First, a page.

Fibromyalgia: The Diet Connection

Find out what experts say really matters about the foods you eat -- and why staying away from certain foods might help your fibromyalgia symptoms.

By Colette Bouchez
WebMD Feature

Reviewed by Matthew Hoffman, MD

The condition is called fibromyalgia. It consists of a complex array of symptoms that include widespread muscle and joint pain along with overwhelming fatigue. And none of it goes away, no matter how much rest you get.

Fibromyalgia affects up to 4% of the population -- mostly women. And there is still no known cause or recognized treatment that works for everyone. That's one reason, say experts, that so many people have turned to diet as a way to relieve some of the symptoms.

The fact is there's little scientific evidence to support any single eating plan as a way to deal with fibromyalgia. Nevertheless, a trip around the Internet will show that dietary approaches to fibromyalgia abound. The variety is so diverse it's hard to imagine they are all aimed at treating the same disease.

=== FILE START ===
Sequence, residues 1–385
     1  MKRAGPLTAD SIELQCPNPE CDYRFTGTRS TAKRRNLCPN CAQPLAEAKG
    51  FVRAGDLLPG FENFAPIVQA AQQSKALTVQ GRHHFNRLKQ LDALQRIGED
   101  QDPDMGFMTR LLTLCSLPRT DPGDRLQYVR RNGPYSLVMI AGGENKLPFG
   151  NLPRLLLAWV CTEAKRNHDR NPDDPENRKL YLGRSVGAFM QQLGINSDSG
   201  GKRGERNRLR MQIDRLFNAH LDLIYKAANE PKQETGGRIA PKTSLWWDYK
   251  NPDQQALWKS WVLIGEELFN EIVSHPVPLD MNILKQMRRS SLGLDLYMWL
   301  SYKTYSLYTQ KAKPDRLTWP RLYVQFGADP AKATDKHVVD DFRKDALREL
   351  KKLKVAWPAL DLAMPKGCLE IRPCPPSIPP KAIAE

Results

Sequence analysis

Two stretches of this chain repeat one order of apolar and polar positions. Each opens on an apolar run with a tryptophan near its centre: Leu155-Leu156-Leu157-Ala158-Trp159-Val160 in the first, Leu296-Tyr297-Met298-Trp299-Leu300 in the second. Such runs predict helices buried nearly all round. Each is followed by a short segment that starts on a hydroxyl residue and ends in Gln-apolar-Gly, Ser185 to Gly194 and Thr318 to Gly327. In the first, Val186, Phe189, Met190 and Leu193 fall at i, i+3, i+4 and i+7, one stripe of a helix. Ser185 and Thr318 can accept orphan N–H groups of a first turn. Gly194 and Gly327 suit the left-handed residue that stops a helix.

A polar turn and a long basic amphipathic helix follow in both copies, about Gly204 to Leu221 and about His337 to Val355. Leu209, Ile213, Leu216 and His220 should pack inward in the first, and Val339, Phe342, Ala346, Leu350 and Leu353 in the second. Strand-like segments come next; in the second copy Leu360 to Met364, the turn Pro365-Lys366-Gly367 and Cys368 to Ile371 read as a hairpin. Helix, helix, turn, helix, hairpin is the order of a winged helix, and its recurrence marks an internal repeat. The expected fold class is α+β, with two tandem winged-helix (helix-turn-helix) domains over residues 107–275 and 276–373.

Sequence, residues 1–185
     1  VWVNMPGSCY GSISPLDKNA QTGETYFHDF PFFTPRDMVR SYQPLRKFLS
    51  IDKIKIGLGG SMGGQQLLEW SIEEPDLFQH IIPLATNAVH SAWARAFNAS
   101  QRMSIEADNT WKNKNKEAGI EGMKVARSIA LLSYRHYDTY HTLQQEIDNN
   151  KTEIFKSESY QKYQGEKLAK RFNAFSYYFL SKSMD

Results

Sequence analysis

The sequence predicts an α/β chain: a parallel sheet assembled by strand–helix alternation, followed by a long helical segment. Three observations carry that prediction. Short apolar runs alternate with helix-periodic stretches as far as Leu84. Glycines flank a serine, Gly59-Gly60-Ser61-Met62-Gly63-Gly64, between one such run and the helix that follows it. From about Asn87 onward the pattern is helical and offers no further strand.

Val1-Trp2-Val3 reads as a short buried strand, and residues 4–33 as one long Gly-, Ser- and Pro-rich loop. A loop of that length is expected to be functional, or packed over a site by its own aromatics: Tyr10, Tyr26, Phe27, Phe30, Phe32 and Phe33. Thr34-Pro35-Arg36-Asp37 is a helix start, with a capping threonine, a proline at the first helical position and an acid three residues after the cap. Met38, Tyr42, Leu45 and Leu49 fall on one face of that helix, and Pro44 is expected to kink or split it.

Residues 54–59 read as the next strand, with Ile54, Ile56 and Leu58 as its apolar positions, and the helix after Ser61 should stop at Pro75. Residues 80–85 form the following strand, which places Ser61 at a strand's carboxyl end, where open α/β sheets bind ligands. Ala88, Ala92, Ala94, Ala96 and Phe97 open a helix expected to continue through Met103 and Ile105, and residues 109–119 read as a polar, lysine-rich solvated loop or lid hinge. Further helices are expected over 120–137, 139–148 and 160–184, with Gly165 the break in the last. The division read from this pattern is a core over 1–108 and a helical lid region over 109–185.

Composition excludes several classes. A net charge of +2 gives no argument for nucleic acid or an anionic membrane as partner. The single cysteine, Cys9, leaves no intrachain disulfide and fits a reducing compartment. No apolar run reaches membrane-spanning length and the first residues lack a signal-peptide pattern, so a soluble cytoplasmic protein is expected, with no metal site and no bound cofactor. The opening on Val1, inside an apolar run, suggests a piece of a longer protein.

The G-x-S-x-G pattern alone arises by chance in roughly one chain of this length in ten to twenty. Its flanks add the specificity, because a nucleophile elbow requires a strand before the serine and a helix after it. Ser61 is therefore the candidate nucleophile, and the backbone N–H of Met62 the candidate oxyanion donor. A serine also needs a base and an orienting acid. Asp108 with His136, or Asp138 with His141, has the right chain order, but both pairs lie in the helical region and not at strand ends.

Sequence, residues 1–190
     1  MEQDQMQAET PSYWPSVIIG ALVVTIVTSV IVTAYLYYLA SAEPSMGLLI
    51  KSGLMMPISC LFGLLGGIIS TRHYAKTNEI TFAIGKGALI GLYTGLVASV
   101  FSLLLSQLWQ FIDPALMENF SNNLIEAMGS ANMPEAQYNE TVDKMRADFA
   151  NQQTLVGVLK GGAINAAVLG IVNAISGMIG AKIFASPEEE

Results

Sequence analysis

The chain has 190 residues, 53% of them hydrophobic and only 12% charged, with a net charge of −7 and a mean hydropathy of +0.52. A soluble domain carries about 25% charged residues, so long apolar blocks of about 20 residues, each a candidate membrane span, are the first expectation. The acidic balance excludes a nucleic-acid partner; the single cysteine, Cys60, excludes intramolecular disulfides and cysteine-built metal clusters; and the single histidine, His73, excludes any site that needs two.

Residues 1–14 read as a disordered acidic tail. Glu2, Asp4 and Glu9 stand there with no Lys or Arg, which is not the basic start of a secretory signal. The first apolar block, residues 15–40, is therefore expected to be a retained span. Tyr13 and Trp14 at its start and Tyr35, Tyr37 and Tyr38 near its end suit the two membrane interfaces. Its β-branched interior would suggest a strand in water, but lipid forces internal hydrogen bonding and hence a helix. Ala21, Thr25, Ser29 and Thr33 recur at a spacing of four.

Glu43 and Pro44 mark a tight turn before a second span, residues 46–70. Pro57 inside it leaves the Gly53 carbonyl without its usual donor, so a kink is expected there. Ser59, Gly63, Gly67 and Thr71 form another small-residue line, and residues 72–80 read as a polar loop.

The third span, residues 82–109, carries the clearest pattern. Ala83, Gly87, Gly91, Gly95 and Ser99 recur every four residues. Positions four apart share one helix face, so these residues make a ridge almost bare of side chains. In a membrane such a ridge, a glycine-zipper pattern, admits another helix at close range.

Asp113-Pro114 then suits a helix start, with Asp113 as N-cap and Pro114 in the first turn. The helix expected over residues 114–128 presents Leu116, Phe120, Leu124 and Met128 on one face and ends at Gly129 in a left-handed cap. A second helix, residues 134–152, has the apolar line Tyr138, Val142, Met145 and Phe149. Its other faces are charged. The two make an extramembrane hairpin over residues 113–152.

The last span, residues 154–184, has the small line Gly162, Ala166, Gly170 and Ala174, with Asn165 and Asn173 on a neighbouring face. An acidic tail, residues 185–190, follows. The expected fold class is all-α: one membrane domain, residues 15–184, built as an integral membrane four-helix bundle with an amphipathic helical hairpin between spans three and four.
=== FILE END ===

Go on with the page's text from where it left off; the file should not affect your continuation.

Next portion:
Eat more whole grains. Don't eat any whole grains. All fruit is good. Some fruit is bad. Tomatoes are healthy. Tomatoes are harmful. Sugar is bad. Sugar has no impact. Avoid meat. Eat. . . .

Confused? Don't be. Experts say diversity is another hallmark of fibromyalgia.

"This is because fibromyalgia is not a specific illness," says Michael McNett, MD. McNett directs the Fibromyalgia Treatment Centers of America, headquartered in Chicago. "Fibromyalgia is more like a symptom complex, and different people appear to have different reasons why they get this symptom complex," he says. "So what works for one person very frequently does not work for another."